Or maybe they don’t care about their own popularity. One theory is that they just want out of the EU so that they can implement their dream of a Britain closely aligned with the USA, with regulations slashed and the NHS sold off to American healthcare providers. I wouldn’t put it past them, but I’m still not convinced it’s going to work – unless they plan to let things get so bad that they actually suspend democracy, there’s going to be an election at some point, and the party that brought on the chaos will surely be annihilated. Will they have enough time to get their plan past the point of no return before that happens? Would they even have enough support in the current parliament for it? Who knows.

Another theory is that no-one has a clue what to do because no-one (including the leading Leave campaigners) ever expected Leave to win, so they’re just making it up as they go along right now. After the shambles of the last few weeks, this seems by far the most likely explanation.

My take on “Codes of Conduct” for software projects

The news that the Linux kernel development project has adopted a new code of conduct has prompted a lot of comment. As someone who’s been a software developer for all my working life and who’s written about vaguely related stuff before, I thought I would stick my oar in as well, at least to address what I think are some widespread misconceptions.

First off, I’ll say a bit about myself and my own experience. I’ve been a software professional for 16 years. During that time I seem to have impressed a lot of the people I’ve worked with. I have more than once “rescued” projects that were previously thought to be doomed and turned them into success stories. Collaborators who have worked with me in the past have frequently requested to work with me specifically when they approach my organisation for further consultancy. Last year I was promoted to a fairly senior technical position, and also last year I did my first paid freelance project, receiving glowing praise from the client for the way I handled it.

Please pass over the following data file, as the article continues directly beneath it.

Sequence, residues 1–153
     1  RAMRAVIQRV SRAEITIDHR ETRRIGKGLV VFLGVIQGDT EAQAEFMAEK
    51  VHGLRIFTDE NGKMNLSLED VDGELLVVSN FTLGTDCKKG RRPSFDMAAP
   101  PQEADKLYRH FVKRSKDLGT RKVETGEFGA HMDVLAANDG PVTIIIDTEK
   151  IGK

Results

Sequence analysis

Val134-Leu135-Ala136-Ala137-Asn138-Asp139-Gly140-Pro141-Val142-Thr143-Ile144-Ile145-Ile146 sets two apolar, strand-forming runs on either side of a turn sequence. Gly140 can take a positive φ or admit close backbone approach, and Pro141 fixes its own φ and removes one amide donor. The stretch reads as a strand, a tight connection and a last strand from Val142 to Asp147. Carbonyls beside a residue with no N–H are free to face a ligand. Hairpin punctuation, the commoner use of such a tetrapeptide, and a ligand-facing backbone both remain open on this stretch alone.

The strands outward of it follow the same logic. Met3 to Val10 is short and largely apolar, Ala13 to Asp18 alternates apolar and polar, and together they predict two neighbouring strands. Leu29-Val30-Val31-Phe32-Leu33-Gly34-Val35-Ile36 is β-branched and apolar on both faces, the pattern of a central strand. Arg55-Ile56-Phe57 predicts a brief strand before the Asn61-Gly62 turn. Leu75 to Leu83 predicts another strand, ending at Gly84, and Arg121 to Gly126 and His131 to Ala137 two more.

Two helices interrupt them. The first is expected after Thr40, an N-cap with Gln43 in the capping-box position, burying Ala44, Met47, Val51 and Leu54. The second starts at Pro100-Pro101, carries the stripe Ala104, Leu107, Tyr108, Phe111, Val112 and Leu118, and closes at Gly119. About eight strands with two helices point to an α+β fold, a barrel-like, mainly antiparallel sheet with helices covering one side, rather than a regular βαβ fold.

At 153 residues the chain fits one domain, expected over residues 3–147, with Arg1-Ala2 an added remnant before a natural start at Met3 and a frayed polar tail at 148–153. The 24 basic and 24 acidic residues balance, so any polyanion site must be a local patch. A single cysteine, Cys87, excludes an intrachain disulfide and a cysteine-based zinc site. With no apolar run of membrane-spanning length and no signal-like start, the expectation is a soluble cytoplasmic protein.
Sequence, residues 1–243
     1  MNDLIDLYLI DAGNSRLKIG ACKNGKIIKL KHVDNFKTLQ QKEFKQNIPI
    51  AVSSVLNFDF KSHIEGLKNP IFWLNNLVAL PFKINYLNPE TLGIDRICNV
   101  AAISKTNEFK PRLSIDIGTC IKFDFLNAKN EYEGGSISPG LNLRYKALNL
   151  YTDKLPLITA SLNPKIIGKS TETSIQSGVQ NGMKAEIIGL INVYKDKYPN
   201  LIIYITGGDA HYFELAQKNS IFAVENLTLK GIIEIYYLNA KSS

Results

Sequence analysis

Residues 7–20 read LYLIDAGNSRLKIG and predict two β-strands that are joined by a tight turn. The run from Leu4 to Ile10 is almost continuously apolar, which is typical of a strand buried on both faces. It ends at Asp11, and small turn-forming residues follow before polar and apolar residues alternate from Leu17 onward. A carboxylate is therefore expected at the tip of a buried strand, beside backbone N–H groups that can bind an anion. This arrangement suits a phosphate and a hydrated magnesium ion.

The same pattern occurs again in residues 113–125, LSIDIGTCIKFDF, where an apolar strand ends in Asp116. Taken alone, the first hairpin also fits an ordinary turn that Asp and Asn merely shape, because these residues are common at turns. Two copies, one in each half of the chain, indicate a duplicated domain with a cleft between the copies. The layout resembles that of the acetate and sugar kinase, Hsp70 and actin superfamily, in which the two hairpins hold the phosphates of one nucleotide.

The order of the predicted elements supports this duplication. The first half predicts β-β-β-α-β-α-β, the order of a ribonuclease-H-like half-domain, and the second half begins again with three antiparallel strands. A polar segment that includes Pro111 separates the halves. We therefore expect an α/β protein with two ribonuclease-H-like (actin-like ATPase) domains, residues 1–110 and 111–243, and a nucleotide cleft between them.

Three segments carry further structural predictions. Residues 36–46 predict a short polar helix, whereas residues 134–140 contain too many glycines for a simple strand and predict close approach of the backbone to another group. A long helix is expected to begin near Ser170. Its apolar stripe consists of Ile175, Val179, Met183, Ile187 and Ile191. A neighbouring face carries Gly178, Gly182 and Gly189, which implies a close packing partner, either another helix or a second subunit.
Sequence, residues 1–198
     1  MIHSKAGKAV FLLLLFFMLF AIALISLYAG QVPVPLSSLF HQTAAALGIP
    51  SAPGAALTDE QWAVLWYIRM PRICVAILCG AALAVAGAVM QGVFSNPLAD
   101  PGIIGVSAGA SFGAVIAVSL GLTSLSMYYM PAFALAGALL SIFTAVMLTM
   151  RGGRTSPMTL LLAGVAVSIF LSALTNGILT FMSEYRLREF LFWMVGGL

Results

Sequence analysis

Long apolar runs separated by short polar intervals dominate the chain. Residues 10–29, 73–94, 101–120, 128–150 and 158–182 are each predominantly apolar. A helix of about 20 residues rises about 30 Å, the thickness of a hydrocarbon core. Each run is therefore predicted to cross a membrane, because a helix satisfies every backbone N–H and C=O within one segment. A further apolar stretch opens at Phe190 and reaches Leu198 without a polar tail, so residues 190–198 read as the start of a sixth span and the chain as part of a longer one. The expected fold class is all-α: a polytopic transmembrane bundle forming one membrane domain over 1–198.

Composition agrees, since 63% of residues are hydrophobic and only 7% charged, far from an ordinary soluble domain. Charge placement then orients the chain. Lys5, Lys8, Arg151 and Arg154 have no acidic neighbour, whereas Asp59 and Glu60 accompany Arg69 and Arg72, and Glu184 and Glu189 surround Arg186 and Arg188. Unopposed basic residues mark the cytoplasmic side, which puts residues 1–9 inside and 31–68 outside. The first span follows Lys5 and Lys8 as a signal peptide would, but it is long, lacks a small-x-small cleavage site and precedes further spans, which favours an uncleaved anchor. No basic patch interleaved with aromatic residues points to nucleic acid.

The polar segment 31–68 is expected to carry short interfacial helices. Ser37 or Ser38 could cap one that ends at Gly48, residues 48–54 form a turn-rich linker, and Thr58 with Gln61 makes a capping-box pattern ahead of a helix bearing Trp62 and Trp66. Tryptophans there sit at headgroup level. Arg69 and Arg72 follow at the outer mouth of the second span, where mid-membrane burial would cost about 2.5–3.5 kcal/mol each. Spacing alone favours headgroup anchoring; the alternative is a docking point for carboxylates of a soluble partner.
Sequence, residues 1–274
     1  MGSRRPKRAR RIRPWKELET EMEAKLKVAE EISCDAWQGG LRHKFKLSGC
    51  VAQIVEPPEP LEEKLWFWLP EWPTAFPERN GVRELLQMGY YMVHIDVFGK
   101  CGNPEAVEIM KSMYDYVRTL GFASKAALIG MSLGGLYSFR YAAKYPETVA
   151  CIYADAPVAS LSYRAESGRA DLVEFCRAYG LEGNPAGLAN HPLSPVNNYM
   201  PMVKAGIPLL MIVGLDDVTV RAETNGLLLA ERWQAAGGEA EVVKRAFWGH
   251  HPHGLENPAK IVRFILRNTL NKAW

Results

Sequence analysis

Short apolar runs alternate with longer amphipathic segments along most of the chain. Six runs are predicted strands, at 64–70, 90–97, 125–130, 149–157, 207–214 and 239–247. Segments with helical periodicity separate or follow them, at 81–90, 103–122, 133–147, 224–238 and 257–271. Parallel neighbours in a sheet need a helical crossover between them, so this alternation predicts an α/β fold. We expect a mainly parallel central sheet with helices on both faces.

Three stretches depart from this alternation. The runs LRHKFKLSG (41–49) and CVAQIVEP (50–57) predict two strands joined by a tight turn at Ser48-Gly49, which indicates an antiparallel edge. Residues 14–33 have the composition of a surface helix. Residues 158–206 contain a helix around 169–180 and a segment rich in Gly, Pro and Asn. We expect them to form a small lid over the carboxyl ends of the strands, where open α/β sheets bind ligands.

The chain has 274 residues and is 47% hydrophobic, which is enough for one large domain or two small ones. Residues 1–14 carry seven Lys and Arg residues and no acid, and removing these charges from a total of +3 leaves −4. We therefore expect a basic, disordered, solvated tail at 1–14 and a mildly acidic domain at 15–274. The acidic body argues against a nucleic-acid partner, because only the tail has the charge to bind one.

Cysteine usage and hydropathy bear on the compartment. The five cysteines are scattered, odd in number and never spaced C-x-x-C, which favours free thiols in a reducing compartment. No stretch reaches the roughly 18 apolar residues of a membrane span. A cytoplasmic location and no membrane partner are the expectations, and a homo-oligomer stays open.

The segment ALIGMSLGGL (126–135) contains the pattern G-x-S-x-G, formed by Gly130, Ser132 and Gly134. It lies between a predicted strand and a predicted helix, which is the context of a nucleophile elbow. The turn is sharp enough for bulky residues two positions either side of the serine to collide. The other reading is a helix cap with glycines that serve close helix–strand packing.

I’m not saying this to brag. I’m normally a pretty modest person and believe me, talking about myself in those terms doesn’t come easily. I’m saying it because it’s going to be relevant to what I say next.

I’m also, by pretty much any definition, a snowflake. (That’s the term these days, isn’t it?). I don’t like confrontation and I tend to avoid it as much as I can. I find it hurtful being on the receiving end of harsh words or blunt criticism and I also tend to avoid situations where this is likely to happen. When it does happen I find I need to retreat and lick my wounds for a while before I feel ready to face the world again.

I didn’t choose to be this way, and if I’d been given the choice I wouldn’t have chosen it, because to be honest it’s pretty damned inconvenient. But it’s the way I am, the way I’ve always been for as long as I can remember. (Again, this may not seem relevant yet, but trust me, I’m bringing it up for a reason).